SolarMutex: why & a sketch plan ...

Lionel Elie Mamane lionel at
Wed Jul 31 04:16:38 PDT 2013

On Thu, May 16, 2013 at 10:21:53AM +0100, Michael Meeks wrote:
> On Tue, 2013-05-14 at 11:49 +0200, Stephan Bergmann wrote:

>> Historically, the SolarMutex was assumed to be a clever solution to
>> the problem of turning StarOffice from a single-threaded
>> application to a multi-threaded one---lock the SolarMutex around
>> any code that is not yet thread-safe, and be done with it.  Or so
>> people thought.

>> The world has long since found out that "single global mutex" is a
>> horrible idea for GUI applications (...)

> 	Quite; then again - the next big, clever idea was to have
> highly granular threading - with thread/re-enterancy hazards at
> every single UNO method call :-) The combination of these two
> brainwaves makes ~everything a nightmare :-)

>> This leaves us with completely unmaintainable ("where do I need to
>> lock SolarMutex?"---"nobody knows for sure") and broken (cf.
>> SolarMutexReleaser) code.

> 	Right. So - here are the rules that I'm sticking to:

> 	* anything that calls anything that does anything with vcl -
> 	  and anything that depends on / uses it needs to hold the
> 	  SolarMutex

I don't have a clear picture of why VCL cannot take the SolarMutex
if/when it needs it, and how it can know "it should be held" but
"it is too late to take it now".

> 	In terms of a sensible future for this, here is my crazy idealistic
> plan (some of which overlaps with Kai's appartment work):

> 	A give up pretending we're a multi-threaded application:
> 	   we are not - we are 1 + epsilon threaded.

I don't see us as "only" an application in the first place, but also
as a programming platform for high-level stuff. Possibly that's more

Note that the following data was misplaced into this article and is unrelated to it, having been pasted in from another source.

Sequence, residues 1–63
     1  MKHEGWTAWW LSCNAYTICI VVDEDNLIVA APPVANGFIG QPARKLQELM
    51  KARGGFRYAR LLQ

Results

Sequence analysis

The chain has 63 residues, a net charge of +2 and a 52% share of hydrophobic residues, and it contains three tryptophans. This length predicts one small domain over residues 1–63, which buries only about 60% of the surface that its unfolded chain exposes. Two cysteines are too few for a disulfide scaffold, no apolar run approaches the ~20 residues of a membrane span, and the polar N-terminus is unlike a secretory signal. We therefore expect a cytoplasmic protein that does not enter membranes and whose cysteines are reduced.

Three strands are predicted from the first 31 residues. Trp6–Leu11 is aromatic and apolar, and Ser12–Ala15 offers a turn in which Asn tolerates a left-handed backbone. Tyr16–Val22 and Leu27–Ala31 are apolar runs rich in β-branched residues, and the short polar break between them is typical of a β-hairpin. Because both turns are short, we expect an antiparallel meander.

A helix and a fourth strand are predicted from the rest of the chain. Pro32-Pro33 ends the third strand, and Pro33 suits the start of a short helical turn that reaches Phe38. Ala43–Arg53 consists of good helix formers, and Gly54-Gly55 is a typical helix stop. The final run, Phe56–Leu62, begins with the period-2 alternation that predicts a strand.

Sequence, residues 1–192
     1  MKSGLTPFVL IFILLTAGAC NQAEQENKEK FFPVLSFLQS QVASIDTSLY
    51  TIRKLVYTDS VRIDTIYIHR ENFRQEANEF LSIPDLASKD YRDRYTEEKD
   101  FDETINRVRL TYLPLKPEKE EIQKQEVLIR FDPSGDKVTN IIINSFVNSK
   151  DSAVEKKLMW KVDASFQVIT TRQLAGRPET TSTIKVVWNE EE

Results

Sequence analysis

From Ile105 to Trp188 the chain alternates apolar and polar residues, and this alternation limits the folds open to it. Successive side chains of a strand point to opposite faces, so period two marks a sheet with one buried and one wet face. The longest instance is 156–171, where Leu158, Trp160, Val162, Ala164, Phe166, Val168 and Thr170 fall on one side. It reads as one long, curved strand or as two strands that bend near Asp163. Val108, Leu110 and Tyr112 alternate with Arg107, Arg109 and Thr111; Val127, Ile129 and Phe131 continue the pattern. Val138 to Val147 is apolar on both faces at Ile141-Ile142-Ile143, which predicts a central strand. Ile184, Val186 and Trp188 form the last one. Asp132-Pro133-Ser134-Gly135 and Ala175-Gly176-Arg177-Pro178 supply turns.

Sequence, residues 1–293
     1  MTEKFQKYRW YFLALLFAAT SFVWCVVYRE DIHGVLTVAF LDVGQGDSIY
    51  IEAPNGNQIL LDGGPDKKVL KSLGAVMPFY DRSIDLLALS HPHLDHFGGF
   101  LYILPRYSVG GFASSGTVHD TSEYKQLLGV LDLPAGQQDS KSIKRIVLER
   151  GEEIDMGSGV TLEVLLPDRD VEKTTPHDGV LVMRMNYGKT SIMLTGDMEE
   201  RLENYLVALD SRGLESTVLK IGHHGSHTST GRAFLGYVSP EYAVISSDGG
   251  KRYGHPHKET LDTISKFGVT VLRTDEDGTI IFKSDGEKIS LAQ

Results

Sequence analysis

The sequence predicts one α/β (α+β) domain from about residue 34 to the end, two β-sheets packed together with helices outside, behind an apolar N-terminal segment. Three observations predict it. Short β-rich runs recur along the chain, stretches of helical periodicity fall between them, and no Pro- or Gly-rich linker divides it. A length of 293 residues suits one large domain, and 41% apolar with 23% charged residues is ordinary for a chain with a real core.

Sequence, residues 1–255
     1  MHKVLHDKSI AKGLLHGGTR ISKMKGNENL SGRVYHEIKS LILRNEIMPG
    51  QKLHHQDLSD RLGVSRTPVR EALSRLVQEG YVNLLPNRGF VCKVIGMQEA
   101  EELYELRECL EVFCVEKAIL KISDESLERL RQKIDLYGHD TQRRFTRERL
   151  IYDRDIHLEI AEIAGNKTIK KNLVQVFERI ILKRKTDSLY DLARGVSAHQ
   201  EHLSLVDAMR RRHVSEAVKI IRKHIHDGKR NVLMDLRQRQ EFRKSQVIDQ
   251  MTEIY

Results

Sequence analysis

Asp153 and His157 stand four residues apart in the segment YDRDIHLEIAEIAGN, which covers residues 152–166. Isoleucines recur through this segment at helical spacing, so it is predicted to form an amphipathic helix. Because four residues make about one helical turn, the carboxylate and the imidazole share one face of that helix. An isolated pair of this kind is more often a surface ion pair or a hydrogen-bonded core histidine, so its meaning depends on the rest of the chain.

of a database-centric view, but I've heard that "many" people (in the
financial sector) also use their spreadsheet in that way: very heavy
on programmability / automation (somewhat wrongly called "macros").

This view is not in direct contradiction with "1 + ε"-threaded: after
all, a programming platform that does not support multithreading is
still a programming platform. However, it is more onerous, because it
bottlenecks *all* software developed for/on top of our platform, and
not only our own application.

Besides, having a long-running / much work-doing Basic (or Python)
script running get in the way of doing Calc or Writer work is just
lame for the user. OTOH, crashing / giving wrong results "sometimes"
because of concurrency issues is even more lame, so I'm willing to go
"teetotal single-threaded" as a *transitory* situation. (Bottlenecking
all UI code in a single thread is something I have ~no opinion
on. I'll take your collective word on it being the thing that needs to
be done.))

> 	C audit / retain the very-few pieces of code that are genuinely
> 	  thread-safe and actually useful that way: low-level pieces
> 	  of the UNO core, package2/ ucb/ configmgr2/ etc. seem
> 	  reasonably plausible: though locking clearly brings a per-call
> 	  cost.

> 	At this point we finally have a reasonably consistent and sensible
> threading story :-) Then we can start to add threading where it actually
> makes sense :-) [ something we actually need to do ] - and do it without
> using any over-complicated, over-granular, and over-general
> solutions.

So let's say that in my view, ideally non-UI scripts should be able to
run in parallel, including document manipulation (But possibly there
is no way to manipulate a document without binding it to an UI window
anyway?). I don't think that pushing locking on the script writer is
desirable (makes platform harder to program for, we are targeting also
the Basic/Python scripter, not only professional C++ hacker), nor
really feasible (UNO would have to provide a way to do locking in a
way that every language binding can access / use / cooperate...).

And *certainly* a script that calls purely stuff like the SDBC(X) API
should not be "artificially" bottlenecked into a single thread shared
with other such scripts, nor should it impact Writer / Calc / Impress
/ ... work when running in the background. In other words, my view is
that connectivity/source/drivers and dbaccess/source/core/api should
be "genuinely thread-safe and actually useful that way".

When I say "calls purely stuff like the SDBC(X) API", I have in mind
code that uses our programming platform as a cross-language equivalent
of ODBC / JDBC / ... on steroids (e.g. because we have Data Definition
Language abstraction), or, dare I say as a competitor to stuff like
DAO / ADOX / ...


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